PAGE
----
Posts Tagged ‘Sage’

Red Kuri Squash Soup

If you have small children, there’s a good chance you’ve read the book “Pumpkin Soup” by Helen Cooper.  It’s an adorable tale about three friends: a duck, a cat, and a squirrel.  They live in a pumpkin patch, play music, and go on adventures to find spices.  Every night for dinner they make– surprise!– pumpkin soup.  “The best you ever tasted.”  Just after we first read the book to Aanen when he was two, he started asking for pumpkin soup.  This is the version I make for him.  (P.S. Yes, it’s technically squash soup, but I’m comfortable with the deception.)

This is a simple, light squash soup.  It’s nothing fancy, and I think I appreciate it for that very reason.  The squash alone is silky, so I don’t add heavy cream.  I made it with whole milk once, and though it was good, I prefer it this way.  I like to use red Kuri squash for this soup, but Buttercup or Sweet Mama varieties are also wonderful options.   Sometimes I swap the onion for a couple of leeks, but given the abundance of onions in my home, I generally use them.  The key to the soup is the freshly grated nutmeg.  It gives this soup a subtle depth that is difficult to pinpoint.  Nutmeg has a way of doing that, which is one of the reasons I use it as much as I do.  The other essential  ingredient is fried sage leaves.  If you haven’t eaten a sage leaf fried in butter, do yourself a favor and give it a try.  Amazing stuff.

This soup would make a perfect starter for your Thanksgiving meal– I made it for that very purpose last year.  It’s a wonderful soup to make ahead of time and reheat right before you serve it.  And it’s not so heavy that your friends and family will leave too much turkey on the platter.  Also, remember that you can adjust the thickness by adding more or less chicken stock.

The Recipe: Red Kuri Squash Soup

Serves 4

1 tablespoon extra-virgin olive oil

1 medium-large red kuri squash

1 medium white onion

6 -7 cups chicken broth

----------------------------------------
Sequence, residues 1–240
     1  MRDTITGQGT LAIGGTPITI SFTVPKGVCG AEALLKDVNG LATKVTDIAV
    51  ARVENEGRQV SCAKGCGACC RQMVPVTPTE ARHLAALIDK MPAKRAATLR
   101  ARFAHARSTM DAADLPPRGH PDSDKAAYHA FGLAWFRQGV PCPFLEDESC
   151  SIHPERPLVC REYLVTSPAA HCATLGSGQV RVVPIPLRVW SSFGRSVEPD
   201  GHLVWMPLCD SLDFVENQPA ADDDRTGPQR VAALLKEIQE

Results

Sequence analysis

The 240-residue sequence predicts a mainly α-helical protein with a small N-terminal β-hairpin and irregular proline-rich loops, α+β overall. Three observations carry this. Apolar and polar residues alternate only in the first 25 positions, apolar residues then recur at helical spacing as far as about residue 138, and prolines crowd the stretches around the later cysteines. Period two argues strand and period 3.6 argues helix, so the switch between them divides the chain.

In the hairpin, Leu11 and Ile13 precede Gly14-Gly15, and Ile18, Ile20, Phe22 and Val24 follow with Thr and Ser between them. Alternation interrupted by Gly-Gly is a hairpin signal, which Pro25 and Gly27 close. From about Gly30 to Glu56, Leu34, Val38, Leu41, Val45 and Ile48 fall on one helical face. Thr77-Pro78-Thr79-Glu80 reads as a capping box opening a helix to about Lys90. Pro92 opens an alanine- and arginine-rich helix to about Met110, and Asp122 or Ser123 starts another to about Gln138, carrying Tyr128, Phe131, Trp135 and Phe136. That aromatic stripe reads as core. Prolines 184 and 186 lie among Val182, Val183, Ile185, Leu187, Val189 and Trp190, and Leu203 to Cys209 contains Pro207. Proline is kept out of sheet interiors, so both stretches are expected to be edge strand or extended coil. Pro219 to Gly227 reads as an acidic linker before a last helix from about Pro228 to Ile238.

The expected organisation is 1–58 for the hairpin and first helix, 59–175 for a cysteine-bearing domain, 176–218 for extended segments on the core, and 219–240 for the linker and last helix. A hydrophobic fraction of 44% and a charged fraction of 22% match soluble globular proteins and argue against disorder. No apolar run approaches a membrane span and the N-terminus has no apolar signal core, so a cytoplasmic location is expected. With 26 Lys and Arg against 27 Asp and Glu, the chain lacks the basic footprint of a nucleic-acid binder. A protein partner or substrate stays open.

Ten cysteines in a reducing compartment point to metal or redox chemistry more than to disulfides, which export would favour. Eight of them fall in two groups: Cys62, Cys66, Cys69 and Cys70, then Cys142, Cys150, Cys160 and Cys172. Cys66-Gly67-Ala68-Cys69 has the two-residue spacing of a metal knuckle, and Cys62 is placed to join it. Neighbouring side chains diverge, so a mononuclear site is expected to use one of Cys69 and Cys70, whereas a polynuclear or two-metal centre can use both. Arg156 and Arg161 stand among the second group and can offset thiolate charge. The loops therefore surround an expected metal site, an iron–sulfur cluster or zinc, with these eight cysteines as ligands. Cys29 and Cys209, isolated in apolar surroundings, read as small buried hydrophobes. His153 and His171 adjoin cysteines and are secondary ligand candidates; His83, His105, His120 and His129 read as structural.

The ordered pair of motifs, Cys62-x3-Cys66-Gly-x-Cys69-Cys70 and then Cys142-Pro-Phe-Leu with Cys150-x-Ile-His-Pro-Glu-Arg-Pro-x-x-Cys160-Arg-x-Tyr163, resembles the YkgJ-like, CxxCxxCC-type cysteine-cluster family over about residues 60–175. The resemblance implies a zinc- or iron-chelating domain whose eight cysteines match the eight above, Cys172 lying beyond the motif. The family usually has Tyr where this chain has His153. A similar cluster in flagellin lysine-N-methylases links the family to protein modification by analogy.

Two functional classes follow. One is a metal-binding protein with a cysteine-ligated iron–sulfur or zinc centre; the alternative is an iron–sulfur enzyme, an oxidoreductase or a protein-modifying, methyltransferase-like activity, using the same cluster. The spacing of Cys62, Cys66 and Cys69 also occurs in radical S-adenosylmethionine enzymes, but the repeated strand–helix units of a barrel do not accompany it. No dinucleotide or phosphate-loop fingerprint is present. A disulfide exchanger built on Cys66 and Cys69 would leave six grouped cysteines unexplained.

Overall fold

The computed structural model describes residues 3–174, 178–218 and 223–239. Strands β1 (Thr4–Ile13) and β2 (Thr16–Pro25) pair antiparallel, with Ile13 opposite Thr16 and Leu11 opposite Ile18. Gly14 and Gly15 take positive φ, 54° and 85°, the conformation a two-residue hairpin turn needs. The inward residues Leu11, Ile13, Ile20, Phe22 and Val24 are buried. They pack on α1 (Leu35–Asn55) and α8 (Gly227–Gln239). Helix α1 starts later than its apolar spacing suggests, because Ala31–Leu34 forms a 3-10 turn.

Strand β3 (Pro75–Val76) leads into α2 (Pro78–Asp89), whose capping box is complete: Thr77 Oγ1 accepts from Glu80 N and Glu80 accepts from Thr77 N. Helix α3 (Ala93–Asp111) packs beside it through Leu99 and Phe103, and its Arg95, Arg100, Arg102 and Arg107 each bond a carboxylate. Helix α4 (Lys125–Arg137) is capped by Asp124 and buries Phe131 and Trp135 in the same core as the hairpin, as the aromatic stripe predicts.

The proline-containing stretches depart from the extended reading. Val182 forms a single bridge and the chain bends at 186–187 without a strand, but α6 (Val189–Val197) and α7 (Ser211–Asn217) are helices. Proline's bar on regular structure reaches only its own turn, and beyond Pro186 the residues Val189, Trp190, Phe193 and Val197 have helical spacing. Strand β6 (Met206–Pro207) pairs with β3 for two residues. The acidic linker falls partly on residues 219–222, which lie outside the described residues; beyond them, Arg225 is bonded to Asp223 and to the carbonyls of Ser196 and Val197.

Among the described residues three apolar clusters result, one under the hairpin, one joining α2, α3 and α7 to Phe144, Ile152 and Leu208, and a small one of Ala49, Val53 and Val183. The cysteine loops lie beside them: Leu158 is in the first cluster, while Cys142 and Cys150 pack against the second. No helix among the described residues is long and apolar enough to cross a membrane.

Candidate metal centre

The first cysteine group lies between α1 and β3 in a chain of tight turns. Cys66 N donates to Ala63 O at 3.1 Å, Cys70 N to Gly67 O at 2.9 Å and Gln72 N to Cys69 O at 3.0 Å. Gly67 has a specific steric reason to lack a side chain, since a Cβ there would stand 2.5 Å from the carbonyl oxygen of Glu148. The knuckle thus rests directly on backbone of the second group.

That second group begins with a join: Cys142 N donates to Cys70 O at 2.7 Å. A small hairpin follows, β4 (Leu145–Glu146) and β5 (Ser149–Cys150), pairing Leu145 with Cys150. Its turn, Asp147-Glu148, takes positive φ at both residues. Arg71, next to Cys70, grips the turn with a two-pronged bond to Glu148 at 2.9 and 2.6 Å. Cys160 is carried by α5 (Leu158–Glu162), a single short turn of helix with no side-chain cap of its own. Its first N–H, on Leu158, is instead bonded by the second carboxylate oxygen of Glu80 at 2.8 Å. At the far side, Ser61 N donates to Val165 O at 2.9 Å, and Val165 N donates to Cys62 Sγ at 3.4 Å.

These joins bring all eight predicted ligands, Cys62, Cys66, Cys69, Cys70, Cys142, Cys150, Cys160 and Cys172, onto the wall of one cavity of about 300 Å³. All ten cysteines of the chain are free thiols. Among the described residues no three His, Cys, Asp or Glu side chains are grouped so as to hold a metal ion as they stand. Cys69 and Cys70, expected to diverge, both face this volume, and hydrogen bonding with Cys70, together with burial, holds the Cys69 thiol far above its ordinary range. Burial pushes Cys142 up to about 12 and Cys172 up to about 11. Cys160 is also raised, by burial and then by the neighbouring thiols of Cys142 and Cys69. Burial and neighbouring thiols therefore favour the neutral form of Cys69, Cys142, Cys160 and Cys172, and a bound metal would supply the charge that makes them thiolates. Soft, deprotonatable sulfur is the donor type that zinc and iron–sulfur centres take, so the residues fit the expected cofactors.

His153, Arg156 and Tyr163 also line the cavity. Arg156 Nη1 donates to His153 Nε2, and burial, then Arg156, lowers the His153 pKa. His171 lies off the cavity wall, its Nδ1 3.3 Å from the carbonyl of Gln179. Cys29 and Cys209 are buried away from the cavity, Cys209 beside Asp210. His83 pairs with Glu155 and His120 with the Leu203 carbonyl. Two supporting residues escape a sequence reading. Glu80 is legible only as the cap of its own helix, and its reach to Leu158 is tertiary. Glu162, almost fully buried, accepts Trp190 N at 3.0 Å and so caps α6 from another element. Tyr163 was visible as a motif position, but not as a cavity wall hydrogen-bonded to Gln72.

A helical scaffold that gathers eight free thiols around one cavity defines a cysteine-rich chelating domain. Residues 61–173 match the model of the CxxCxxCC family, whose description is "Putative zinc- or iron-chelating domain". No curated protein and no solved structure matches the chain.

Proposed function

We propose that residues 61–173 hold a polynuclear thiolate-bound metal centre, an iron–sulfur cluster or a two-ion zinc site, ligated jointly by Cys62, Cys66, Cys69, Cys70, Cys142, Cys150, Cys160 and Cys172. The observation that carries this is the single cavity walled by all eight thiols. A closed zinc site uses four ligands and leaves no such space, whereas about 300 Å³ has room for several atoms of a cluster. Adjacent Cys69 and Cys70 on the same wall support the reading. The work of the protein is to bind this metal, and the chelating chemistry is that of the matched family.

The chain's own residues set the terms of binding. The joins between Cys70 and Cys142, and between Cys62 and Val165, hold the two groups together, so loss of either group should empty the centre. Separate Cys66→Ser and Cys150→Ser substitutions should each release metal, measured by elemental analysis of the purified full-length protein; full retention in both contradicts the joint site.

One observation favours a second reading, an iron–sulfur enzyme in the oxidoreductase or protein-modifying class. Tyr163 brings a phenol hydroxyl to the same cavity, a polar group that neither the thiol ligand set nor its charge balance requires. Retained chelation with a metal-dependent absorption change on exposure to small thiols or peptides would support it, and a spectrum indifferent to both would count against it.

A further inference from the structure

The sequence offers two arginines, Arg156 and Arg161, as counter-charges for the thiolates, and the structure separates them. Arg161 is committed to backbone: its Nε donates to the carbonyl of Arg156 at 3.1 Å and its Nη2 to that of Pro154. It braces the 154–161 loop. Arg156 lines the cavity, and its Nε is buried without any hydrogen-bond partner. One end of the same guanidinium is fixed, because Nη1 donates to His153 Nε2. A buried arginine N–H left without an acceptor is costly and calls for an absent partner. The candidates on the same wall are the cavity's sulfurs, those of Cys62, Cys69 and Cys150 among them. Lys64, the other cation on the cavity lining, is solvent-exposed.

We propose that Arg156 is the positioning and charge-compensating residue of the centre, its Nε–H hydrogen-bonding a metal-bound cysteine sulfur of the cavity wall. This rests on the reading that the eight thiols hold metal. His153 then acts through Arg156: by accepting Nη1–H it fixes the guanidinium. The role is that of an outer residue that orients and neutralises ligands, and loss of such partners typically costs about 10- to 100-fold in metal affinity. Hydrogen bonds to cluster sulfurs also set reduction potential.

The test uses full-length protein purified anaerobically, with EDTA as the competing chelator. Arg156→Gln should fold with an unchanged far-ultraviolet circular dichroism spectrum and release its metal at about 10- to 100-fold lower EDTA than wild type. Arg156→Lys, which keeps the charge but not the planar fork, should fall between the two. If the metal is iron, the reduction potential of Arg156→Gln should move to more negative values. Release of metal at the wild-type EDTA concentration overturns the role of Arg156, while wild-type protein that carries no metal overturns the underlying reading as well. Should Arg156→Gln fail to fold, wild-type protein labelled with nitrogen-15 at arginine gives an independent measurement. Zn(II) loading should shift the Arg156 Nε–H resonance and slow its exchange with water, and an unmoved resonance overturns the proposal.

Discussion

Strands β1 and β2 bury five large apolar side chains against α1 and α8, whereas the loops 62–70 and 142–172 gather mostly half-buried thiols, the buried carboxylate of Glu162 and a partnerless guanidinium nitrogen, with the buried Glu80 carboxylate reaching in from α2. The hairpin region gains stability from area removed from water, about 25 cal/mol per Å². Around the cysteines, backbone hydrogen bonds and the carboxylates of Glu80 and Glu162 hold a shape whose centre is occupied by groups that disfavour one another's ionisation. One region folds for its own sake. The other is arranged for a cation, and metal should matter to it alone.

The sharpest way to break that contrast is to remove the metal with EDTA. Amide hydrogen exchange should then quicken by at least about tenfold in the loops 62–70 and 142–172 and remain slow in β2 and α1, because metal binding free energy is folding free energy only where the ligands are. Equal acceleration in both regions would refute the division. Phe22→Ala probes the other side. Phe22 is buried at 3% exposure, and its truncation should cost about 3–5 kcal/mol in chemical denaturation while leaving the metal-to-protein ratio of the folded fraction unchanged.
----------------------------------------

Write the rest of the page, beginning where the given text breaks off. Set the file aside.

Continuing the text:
kosher salt and cracked black pepper

freshly grated nutmeg, about 1/2 teaspoon


3-4  tablespoons butter

fresh sage leaves, use as many as you like (2-3 per bowl of soup works well)

toasted and salted pepitas

sour cream or creme fraiche

Preheat oven to 400°F.  Cut the squash in half and remove seeds.  Place squash cut side up in a baking dish and cover with lid or aluminum foil.  Bake for 30-40 minutes, or until tender.

Meanwhile, in a dutch oven set on the stove top, begin to sautee the onion in olive oil when the squash is nearly cooked.  Add the chicken broth and bring to a simmer.  When the squash is tender, scoop the flesh from the skin and add it to the dutch oven.  Let cook for a few minutes to make sure the squash is completely cooked through and to let the flavors meld.  Season with salt, pepper, and nutmeg.  Use an emersion blender to puree the soup or transfer it to a regular blender.  Adjust seasonings, if necessary.

In a medium skillet, melt the butter over medium heat.  Add the sage leaves and sautee for just a minute.  Remove from heat.  Ladle hot soup into bowls and top with sour cream, pepitas, and the fried sage leaves.  Enjoy!

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Last week I told you I’d have another fabulous recipe for you to use up any left-over winter squash you have from this dish.  Here it is, and it’s a remarkable Squash Ravioli, which also happens to be one of my favorite meals.  I’ve always felt that homemade pasta is the perfect comfort food– and pairing it with squash and browned butter with sage makes for a sublime Autumn dinner.

Browned butter and sage sauce is so simple to make, yet the incredible flavor will really stay with you.  I crave this sauce for weeks after we make this dish– you will too.  Seriously, it’s that good.  It perfectly compliments the sweetness of the squash, the creamy ricotta cheese, and the hint of freshly-grated nutmeg– all of which make up the filling.  The walnuts add texture to counter the pillow-soft ravioli.  And topping almost anything with Parmesan cheese makes it a little bit better.  Serve the ravioli with the crispy sage leaves (if you can keep yourself from eating them before dinner).